National Climate League 2020
Climate Reality’s National Climate League, local heroes, fighting grime with data
Climate Reality’s National Climate League (NCL) origin story is an exciting one. A yearly project developed by The Climate Reality Project Canada, the NCL was born in the winter of 2018. It’s mission is to highlight local solutions that help improve the lives of everyday Canadians and that will set Canadian municipalities on a path to carbon neutrality by 2050.
The NCL’s superpower is participatory democracy and its weapon of choice is data.
A collaborative project with the Community Climate Hubs Initiative––a program developed to facilitate the sharing of resources and tools that may help their local communities reach net-zero by 2050––the NCL aims to use cities as key pathways for vital climate policy solutions.
Harnessing the power of cities, the NCL recognizes, involves building community among diverse constituencies. An empowered and engaged citizenry, if it can be armed with the facts, is well positioned to demand transparent accountability from their municipalities.
Basically, it takes a village to raise awareness and gain momentum, and the more specific and informed change makers are, the better.
Citizen-led and data-driven, the NCL thus works to enable volunteers to gather statistics on fifteen carefully selected primary indicators that, together, offer a measure of the quality of life afforded to everyday Canadians as they go about their lives in their various municipalities.
Background research for the project meant deciding what these indicators should be and how they were to be measured. Indicators were ultimately based on five criteria; Accessibility, comparability across cities, ability of municipal governments to act, their impact on greenhouse gas emissions, and whether the average citizen cares about that particular indicator improving.
Fifteen primary and fifteen complementary indicators that are representative of living a better and more sustainable life were also determined.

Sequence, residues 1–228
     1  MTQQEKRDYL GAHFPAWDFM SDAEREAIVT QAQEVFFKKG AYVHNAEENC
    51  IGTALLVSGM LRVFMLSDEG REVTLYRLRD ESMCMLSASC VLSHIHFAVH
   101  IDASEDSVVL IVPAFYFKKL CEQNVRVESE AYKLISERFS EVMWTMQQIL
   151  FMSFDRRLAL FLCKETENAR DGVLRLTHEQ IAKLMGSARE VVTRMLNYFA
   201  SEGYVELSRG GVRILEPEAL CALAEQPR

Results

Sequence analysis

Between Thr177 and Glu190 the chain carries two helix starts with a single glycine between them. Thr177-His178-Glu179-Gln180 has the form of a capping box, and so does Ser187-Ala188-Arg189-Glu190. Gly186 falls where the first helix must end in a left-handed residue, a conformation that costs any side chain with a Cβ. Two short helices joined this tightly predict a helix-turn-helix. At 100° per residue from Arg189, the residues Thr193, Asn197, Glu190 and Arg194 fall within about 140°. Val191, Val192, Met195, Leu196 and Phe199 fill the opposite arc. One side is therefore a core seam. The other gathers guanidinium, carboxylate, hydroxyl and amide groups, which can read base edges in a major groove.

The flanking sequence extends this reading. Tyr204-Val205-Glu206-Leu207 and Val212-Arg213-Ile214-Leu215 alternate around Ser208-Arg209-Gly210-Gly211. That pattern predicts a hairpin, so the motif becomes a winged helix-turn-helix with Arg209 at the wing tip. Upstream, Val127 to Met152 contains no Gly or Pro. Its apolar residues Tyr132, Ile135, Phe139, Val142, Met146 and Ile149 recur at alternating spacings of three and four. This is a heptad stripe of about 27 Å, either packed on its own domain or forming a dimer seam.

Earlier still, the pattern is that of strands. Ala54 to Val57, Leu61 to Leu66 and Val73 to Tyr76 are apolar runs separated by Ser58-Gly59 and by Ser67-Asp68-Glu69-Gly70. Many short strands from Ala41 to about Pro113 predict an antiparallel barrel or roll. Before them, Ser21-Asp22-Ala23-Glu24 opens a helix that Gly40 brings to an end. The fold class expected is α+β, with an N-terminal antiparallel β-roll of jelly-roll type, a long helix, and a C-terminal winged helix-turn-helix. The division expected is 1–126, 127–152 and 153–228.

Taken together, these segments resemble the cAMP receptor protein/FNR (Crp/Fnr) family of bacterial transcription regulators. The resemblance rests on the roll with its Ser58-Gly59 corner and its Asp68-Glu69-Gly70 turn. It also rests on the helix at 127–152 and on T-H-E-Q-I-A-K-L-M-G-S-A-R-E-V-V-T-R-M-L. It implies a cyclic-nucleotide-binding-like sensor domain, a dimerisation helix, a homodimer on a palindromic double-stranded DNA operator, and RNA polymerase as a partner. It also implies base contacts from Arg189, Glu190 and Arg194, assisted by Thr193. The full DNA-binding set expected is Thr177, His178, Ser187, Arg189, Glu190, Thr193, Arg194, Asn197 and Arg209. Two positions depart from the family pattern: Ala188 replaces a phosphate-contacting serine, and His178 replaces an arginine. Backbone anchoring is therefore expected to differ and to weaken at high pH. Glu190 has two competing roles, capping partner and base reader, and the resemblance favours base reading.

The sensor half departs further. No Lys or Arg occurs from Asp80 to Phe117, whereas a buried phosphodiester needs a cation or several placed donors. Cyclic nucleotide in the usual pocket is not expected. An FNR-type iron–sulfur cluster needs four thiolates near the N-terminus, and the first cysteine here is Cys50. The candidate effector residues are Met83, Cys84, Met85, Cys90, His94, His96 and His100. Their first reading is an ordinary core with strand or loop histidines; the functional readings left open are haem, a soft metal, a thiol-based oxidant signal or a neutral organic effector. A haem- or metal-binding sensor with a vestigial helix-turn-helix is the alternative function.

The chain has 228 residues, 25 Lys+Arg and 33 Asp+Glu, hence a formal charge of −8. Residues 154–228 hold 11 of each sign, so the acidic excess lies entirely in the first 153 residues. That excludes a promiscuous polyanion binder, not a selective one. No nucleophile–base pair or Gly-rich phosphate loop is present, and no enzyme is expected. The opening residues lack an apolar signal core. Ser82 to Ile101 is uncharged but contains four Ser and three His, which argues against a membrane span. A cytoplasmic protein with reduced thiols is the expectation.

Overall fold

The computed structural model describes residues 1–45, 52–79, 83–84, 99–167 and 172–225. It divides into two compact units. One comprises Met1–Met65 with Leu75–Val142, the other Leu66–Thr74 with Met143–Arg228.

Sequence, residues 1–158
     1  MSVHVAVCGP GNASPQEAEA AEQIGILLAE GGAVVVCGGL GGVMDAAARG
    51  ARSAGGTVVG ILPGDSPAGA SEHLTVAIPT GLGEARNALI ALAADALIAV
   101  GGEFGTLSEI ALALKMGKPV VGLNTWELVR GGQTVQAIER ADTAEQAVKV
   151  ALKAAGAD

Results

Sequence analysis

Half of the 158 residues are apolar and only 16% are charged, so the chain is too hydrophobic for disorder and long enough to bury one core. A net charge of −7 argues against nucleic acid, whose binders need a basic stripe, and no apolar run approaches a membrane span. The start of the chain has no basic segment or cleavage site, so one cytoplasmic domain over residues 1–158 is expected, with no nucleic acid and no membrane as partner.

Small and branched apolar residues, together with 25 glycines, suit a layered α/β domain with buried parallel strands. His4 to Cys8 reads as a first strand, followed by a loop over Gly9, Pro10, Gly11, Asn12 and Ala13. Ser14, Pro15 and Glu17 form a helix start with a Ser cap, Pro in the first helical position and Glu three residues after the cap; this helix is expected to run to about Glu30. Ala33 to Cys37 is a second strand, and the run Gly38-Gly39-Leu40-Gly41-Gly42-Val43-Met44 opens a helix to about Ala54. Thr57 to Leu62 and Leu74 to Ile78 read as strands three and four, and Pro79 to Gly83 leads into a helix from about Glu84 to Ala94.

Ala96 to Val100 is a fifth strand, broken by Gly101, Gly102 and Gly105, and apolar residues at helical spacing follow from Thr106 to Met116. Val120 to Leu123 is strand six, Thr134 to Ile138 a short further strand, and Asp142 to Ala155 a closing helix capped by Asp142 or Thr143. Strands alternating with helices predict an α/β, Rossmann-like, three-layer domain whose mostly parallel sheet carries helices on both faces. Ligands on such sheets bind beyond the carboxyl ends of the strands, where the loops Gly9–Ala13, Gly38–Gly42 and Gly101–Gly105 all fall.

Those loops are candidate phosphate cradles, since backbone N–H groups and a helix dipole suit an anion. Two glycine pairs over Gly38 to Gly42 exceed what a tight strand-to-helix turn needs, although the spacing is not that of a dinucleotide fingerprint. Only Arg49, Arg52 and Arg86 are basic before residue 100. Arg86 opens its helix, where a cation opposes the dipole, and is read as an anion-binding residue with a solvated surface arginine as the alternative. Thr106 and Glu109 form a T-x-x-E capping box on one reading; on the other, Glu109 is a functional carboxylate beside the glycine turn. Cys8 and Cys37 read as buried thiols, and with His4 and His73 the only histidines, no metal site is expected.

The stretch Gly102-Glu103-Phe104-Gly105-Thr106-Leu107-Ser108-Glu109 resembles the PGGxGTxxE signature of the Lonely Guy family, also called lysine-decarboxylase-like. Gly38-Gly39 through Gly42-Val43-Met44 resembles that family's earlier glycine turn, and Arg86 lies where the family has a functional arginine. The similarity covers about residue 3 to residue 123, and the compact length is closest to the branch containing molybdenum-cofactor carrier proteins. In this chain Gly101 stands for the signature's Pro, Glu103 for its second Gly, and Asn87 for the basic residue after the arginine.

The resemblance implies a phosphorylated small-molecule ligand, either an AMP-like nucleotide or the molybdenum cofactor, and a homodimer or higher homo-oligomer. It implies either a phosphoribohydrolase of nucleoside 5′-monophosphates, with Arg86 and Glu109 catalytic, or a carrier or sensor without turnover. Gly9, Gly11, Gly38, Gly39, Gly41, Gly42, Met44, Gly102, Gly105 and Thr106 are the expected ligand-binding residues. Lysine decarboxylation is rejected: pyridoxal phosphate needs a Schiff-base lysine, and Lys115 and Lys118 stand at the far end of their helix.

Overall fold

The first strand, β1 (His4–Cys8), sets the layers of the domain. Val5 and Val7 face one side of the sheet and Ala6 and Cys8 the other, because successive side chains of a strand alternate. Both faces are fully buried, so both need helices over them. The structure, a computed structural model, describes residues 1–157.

Throughout the data collection season, which usually runs from approximately July to October and is redone yearly, the NCL team organizes meetings and check-ins with various volunteers who help feed them the data they need. A social media campaign further facilitates the collection of data which is then measured and used to determine a city’s standings on the key measures.
The data, and the Standings that are derived from it, are tools that can be wielded for both benchmarking and lobbying. The ability to compare how other Canadian municipalities fare across determined sustainability indicators comes with the power to demand better on a local level.
Every aspect of the NCL is citizen-led and created. A league of volunteers, approximately a group of twenty or so individuals from The Climate Reality volunteer network, help write and design the graphic design elements used.
Once assembled and packaged, local city-specific webinars are employed for project launches. This gives the team the opportunity to explain their data to people living in the quantified cities as well as local elected officials and public servants.
Toolkits, carefully designed to make lobbying more effective, are provided. These kits empower individuals and communities to reach out to their home municipalities, offering ways they can improve and suggest changes they might make, things that could be done to help them do better in next year’s Standings, drawing from inspiring practices from Canada and around the world.
Lastly, post-launch comes a post-mortem and evaluation phase. This year the league switched up a few of their indicators based on feedback they received from volunteers.
This year’s NCL report was downloaded over fifteen hundred times in both English and in French, up from six hundred times the year before. Beyond that tremendous growth, this year’s project also saw the collection of an additional five hundred data points, for a total of over two thousand total new data points.
The database is also open to the public, a valuable resource right there. Almost all of the NCL’s lobbying and impact data is qualitative and city officials are increasingly taking note and engaging with them. That means the impacts of the report are being felt at the city-level, where, in large part, the war on climate change is being waged.
The Climate Reality Project’s National Climate League, local heroes, fighting grime with data.